Rick wrote, “Host comes from the Hebrew word Sabaoth which translates to armies. So the thought is Lord of Hosts is a reference to God’s army of angels.” Then I added, “It is very interesting because Eugene Peterson in The Message version of the Bible uses the term “God of the Angel Armies” instead of  “Lord of hosts.” Also, I did not realize that “Sabaoth” meant armies or that host meant armies.  I had thought “host” was a “gathering” of angels, not that a group of angels would be called “armies.”  Interesting! In the older version of the song that is usually sung during communion, “Lord God of Sabaoth” is used.  In the newer version “God of the heavenly host” is used.

It seems that Jeremiah is thinking of God as a sort of General of an army of angels and this army will take care of Jeremiah’s enemies. The next time the thought of revenge rises in our hearts and minds, we should picture God’s army of angels taking care of the situation.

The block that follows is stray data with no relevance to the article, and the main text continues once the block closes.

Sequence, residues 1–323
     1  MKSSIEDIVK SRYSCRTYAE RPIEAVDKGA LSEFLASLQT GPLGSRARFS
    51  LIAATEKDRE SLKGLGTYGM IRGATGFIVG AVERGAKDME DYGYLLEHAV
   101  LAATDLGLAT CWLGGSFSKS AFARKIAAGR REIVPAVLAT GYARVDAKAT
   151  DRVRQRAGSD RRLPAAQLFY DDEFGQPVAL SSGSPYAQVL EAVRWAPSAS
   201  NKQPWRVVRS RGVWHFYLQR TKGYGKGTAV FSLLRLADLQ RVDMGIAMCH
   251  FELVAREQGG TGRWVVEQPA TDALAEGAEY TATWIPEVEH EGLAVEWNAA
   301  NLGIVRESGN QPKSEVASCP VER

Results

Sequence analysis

Let’s think about this. What could happen if this army of angels would not strike our enemies but instead would soften the hearts of our enemies? Bringing them into good relationship with people and God instead of being adversaries.

I need to emphasize the invitation I have placed in our current weekly news which is the loose set of papers in your bulletin.
Immanuel United Church of Christ, Shillington, PA
September 19 and 26; October 10 and 17 3:00 p.m. to 5:00 p.m.
We Do Not Need To Attend All Four Sessions
No Cost Rev. M plans to attend Meet Me There
Brobst Street or 99 S. Waverly Street in Shillington Close to Governor Mifflin High School
Do We Care About Getting Along With Each Other and the Other and the Other?